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Primary Cutaneous T-Cell Lymphoma Treated with Electron Therapy

Liliana Sobrevilla-Vicencio1, Enrique Gutierrez-Valencia1,Luis Salazar-Muñoz2 and Mario Cahueque-Lemus3*
  1. Resident of Radiation Oncology,Centro Medico Nacional de Occidente,Guadalajara, Mexico
  2. Professor of Radiation Oncology;Department of radiotherapy, Centro Medico Nacional de Occidente, Guadalajara, Mexico
  3. Medical invited by the Department of Radiation Oncology, Centro Medico
    Nacional de Occidente, Guadalajara, Mexico
Corresponding Author: Mario Cahueque Lemus,Department of Radiation Oncology, Centro Medico Nacional de Occidente, Guadalajara,Mexico, USA.Tel: 013336171687 E-mail: mariocahueque@gmail.com
Received: December 19, 2015; Accepted: January 08, 2016; Published: January 11,2016
 
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Abstract

The primary cutaneous lymphomas are a group of rare malignant lesions involving the skin, representing only 2% of new cases of NHL per year; Distinct types of cutaneous T-cell lymphoma and cutaneous B-cell lymphoma can be distinguished. In the Western world, cutaneous T-cell lymphomas constitute 75% to 80% of primary cutaneous lymphomas, with mycosis fungoides the most common type, and cutaneous B-cell lymphomas 20% to 25%. Radiation therapy of primary cutaneous lymphomas requires the use of special techniques. Here, we present the case of a woman of 27 years with cutaneous T-Cell lymphoma, which was treated with electron therapy with good results.

Clinical Case

She is a 27-year-old patient from Arandas, Jalisco, Guadalajara. Stylist profession, with no cancer history in their families, denied chronic degenerative diseases, chronic use of drugs, exposure to chemicals, tobacco, alcohol and illegal substances. Who goes to the consultation of dermatology at the IMSS (Mexican Social Security Institute) observing the following: dermatosis affecting head, face, upper and lower extremities on all sides, the back and chest, abdomen widely, described as countless not confluent regular oval limits and inaccurate measuring hypochromic macules, the lower most 1 cm and 7 cm in diameter, with the presence of some erythematous plaques with lichenified surface, the presence of fine scaling, some hematic crusts (Figures 1 and 2).
Biopsy "punch" is performed, which reports: Epidermis with hyperkeratosis, parakeratosis, acanthosis, microabscesses Pautrier, consisting of atypical lymphocytes, which have scant cytoplasm, pleomorphic, hyperchromatic chromatin lumps in thick and thin core. The entire dermis same population sample of atypical lymphocytes, which extend to the hair follicle, the hair erector muscle attachments, and perineural and perivascular fragment. The result of Immunohistochemistry: CD30 + in prevalence, and CD20 + minority in companion cells, concluding histopathological diagnosis: primary cutaneous lymphoma of T-cell phase plates.
Treatment was initiated with a total irradiation of skin therapy electron (LINAC with energy of 6 MeV, at a depth of 1.2 cm skin) placing the patient 3m electron source, with total dose of 27 Gy 15 fractions, prior informed consent.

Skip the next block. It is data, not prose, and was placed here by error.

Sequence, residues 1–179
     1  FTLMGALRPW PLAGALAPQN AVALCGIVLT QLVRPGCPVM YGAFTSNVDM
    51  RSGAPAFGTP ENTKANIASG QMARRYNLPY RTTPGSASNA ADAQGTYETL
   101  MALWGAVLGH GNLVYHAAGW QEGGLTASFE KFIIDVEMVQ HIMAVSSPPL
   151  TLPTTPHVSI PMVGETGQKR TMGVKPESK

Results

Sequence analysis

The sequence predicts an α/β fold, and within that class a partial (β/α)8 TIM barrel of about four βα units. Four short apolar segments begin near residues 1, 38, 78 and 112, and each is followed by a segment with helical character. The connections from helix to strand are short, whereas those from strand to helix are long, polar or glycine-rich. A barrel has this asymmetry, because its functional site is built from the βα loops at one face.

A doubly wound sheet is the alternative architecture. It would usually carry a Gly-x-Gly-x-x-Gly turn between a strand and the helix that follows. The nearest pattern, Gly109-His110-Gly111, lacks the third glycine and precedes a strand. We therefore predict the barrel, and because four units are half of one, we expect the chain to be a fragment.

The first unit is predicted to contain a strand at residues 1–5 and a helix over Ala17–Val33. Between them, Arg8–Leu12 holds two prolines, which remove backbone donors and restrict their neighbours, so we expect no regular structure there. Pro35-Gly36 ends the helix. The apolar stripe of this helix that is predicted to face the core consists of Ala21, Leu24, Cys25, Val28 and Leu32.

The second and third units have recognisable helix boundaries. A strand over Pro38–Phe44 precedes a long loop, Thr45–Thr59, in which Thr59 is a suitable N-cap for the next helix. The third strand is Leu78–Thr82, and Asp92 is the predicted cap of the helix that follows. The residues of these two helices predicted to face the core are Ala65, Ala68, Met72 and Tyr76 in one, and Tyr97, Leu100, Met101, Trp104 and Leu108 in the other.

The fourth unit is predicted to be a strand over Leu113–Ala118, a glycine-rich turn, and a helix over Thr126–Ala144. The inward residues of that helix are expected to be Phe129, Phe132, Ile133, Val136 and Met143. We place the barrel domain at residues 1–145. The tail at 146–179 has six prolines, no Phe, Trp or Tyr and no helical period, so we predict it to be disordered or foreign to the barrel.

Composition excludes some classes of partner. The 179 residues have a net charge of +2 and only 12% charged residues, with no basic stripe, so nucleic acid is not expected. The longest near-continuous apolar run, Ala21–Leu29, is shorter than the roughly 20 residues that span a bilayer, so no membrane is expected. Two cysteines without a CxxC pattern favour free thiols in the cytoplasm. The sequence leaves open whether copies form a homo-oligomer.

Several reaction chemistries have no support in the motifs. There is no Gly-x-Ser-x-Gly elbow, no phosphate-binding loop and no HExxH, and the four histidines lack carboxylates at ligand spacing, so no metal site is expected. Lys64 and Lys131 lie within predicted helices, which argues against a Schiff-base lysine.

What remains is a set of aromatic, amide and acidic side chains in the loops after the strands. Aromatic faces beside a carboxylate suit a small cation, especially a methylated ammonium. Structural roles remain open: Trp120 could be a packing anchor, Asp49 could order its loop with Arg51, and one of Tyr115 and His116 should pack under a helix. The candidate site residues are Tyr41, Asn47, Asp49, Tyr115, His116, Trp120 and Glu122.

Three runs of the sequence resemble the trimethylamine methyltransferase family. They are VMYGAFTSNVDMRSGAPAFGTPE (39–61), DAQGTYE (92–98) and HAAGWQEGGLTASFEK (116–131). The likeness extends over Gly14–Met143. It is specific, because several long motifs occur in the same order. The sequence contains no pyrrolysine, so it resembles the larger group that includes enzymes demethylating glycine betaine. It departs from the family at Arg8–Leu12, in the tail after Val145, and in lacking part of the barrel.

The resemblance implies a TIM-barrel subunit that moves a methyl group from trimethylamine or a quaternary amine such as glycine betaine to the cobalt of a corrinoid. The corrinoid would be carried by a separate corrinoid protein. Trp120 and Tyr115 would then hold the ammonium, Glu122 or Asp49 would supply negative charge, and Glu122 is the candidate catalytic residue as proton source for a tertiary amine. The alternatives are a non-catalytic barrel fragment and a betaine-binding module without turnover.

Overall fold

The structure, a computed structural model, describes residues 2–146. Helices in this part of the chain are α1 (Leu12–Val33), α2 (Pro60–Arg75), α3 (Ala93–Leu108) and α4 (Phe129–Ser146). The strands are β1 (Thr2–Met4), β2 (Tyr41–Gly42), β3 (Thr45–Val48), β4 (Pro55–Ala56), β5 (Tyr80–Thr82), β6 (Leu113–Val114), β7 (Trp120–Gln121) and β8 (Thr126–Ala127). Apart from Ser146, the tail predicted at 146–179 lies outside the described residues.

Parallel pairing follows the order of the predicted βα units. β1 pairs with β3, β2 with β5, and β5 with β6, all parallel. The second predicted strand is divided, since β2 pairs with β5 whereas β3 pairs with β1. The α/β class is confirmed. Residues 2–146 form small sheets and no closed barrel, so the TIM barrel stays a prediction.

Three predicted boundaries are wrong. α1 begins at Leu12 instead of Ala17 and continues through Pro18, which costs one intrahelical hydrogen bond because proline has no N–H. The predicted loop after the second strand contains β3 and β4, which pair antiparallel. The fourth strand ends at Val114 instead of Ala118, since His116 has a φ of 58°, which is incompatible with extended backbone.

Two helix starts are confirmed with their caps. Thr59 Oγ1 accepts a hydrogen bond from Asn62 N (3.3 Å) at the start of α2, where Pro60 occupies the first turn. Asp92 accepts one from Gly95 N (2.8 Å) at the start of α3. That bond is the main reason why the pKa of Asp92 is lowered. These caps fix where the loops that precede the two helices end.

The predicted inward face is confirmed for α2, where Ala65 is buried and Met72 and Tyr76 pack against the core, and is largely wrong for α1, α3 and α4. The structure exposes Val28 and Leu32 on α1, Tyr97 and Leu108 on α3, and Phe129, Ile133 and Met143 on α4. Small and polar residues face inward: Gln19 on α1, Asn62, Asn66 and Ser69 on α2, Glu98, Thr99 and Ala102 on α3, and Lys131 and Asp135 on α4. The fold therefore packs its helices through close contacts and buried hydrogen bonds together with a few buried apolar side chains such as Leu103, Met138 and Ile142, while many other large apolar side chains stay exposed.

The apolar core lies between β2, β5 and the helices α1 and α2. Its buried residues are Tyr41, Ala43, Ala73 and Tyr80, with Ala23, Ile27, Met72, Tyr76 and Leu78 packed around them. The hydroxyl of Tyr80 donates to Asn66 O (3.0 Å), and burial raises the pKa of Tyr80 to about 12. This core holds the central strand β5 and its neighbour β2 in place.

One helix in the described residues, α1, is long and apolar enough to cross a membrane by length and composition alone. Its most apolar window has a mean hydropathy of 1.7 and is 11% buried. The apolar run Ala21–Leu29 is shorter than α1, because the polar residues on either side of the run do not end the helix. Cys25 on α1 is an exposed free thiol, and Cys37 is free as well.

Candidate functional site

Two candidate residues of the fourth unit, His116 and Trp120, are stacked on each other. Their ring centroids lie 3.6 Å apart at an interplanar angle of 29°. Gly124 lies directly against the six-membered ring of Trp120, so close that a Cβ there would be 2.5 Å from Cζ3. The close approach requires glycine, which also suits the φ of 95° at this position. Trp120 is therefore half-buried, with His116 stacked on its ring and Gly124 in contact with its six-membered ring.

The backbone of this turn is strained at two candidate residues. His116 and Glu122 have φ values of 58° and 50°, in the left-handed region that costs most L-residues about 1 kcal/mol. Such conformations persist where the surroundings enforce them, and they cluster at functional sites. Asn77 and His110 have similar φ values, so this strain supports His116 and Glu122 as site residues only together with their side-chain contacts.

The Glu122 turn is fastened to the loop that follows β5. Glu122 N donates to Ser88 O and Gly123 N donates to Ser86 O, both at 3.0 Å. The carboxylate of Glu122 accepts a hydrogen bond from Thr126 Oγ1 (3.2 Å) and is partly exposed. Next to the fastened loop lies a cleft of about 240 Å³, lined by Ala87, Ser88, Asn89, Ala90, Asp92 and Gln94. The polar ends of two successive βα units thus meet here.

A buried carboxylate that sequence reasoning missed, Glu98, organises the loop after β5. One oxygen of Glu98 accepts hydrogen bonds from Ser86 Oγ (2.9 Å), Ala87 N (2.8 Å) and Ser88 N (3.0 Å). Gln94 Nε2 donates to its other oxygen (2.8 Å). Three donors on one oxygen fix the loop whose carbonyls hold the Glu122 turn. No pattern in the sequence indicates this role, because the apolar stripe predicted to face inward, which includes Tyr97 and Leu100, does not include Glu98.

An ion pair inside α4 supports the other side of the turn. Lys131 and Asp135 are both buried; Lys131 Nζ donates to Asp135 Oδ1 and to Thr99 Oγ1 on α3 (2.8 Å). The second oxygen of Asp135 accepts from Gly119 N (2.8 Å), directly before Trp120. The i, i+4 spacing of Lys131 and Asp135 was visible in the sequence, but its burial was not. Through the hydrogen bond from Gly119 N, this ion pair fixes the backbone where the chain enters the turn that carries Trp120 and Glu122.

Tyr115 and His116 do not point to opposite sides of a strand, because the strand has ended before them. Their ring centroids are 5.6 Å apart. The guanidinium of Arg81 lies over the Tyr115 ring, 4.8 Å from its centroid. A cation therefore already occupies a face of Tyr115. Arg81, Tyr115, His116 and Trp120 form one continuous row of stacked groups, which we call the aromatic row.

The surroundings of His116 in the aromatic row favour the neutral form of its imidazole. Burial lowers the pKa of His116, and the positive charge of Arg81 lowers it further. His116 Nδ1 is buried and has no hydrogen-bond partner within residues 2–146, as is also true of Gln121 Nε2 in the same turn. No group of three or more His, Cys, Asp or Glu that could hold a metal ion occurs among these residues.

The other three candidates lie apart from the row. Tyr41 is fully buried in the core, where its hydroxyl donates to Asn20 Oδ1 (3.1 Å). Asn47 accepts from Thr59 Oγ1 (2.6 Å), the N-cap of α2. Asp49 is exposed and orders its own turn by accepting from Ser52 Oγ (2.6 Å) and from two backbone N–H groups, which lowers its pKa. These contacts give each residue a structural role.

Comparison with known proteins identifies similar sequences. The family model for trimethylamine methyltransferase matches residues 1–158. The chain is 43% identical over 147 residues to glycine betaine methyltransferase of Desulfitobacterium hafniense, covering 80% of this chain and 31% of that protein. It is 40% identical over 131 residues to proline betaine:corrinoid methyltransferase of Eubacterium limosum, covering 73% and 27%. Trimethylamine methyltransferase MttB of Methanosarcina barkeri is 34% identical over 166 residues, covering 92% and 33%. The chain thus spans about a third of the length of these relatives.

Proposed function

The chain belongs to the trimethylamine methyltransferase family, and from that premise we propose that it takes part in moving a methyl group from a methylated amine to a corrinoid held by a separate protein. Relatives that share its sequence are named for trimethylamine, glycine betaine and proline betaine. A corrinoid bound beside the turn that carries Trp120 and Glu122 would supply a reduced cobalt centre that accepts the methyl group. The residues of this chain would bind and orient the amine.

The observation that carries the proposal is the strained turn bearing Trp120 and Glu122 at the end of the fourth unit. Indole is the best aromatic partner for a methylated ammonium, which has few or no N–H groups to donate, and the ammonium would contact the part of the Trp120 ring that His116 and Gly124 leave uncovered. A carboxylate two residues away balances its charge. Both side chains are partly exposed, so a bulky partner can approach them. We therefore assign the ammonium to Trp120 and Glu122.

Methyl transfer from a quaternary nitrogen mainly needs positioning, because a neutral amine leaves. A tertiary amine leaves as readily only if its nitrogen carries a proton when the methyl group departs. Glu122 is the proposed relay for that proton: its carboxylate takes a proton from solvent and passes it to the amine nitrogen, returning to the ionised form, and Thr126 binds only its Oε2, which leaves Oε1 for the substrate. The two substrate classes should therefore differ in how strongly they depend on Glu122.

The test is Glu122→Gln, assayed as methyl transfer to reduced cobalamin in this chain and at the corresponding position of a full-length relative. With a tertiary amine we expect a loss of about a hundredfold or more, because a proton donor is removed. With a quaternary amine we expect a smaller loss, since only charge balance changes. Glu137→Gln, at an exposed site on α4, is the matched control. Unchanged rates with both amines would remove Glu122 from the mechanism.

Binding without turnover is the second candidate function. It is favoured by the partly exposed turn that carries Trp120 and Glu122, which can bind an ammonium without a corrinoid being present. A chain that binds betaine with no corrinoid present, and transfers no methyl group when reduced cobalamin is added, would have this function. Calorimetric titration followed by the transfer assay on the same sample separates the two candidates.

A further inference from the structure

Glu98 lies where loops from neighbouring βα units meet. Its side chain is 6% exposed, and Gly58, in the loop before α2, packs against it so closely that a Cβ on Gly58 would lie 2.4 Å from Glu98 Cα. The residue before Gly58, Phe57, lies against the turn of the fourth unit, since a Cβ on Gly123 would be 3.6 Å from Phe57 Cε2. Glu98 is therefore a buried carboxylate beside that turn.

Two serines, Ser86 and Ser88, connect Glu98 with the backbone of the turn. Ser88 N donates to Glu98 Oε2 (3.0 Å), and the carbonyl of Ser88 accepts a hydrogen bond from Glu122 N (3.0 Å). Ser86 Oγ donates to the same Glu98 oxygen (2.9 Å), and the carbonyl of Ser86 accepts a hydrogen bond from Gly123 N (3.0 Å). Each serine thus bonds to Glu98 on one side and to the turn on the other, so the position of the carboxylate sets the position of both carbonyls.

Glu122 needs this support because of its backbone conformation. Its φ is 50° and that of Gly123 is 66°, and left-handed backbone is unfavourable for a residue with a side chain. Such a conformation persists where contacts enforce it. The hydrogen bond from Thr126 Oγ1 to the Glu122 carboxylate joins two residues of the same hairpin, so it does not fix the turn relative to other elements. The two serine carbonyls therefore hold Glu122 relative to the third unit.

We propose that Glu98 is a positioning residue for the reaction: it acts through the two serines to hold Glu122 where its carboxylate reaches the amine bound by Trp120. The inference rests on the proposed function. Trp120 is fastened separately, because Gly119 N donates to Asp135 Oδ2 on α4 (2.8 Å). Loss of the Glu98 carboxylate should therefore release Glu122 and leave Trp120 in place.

She continued close monitoring, documenting complete response 3 months after the end of treatment (Figure 3).

Discussion

Primary cutaneous lymphomas (LCP) are a heterogeneous group of lymphoid neoplasms that originate primarily in the skin. Most (70%) are T-cell lymphomas and only 30% originating from B lymphocytes is important to differentiate their ganglion LCP equivalent, since they have clinical, histopathological, different immunophenotypic and molecular biology, have a more indolent course in the majority of cases and different treatment regimens are used [1-3].
For a proper diagnosis and treatment, then you should be familiar with the current classification proposed by groups such as the European Organization for Research and Treatment of Cancer (EORTC) / World Health Organization (WHO) (Table 1).
The primary cutaneous lymphomas, have low incidence, with good overall and disease-free survival. Because of the rarity of the entity, the clinical course that is often confused most patients present with skin lesions greater than or equal to 5 years before being diagnosed period [3,4].

Conclusions

Electron therapy in the treatment of primary cutaneous T-cells, is successfully useful in most cases due to the radiosensitivity of these cells, particularly in cases of mycosis fungoides and stage of early tumors, in pagetoid reticulosis, lymphomas large cell, and pleomorphic T-cell lymphoma.
But because of the extensive toxicity it is considered limited treatment, whose manifestations include bone marrow suppression, radiation dermatitis, xerosis, edema, alopecia, loss of nails and future development of second malignancies, which precludes their use in combined modalities. Therefore RT with electrons is not recommended for the erythrodermic CTCL (T3) by the increased risk of severe scaling [1,5-8].
Currently, the goal in treating PCL is to prevent progression to more advanced stages of the disease, there is no curative treatment available and there is also no studies comparing different treatment and local control rates and recurrence-free survival therefore treatment of these patients is not completely notarized. The aim is to reduce the patient's symptoms [1,3,4,6,7,9,10].

Tables at a glance

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Table 1

Figures at a glance

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Figure 1 Figure 2 Figure 3

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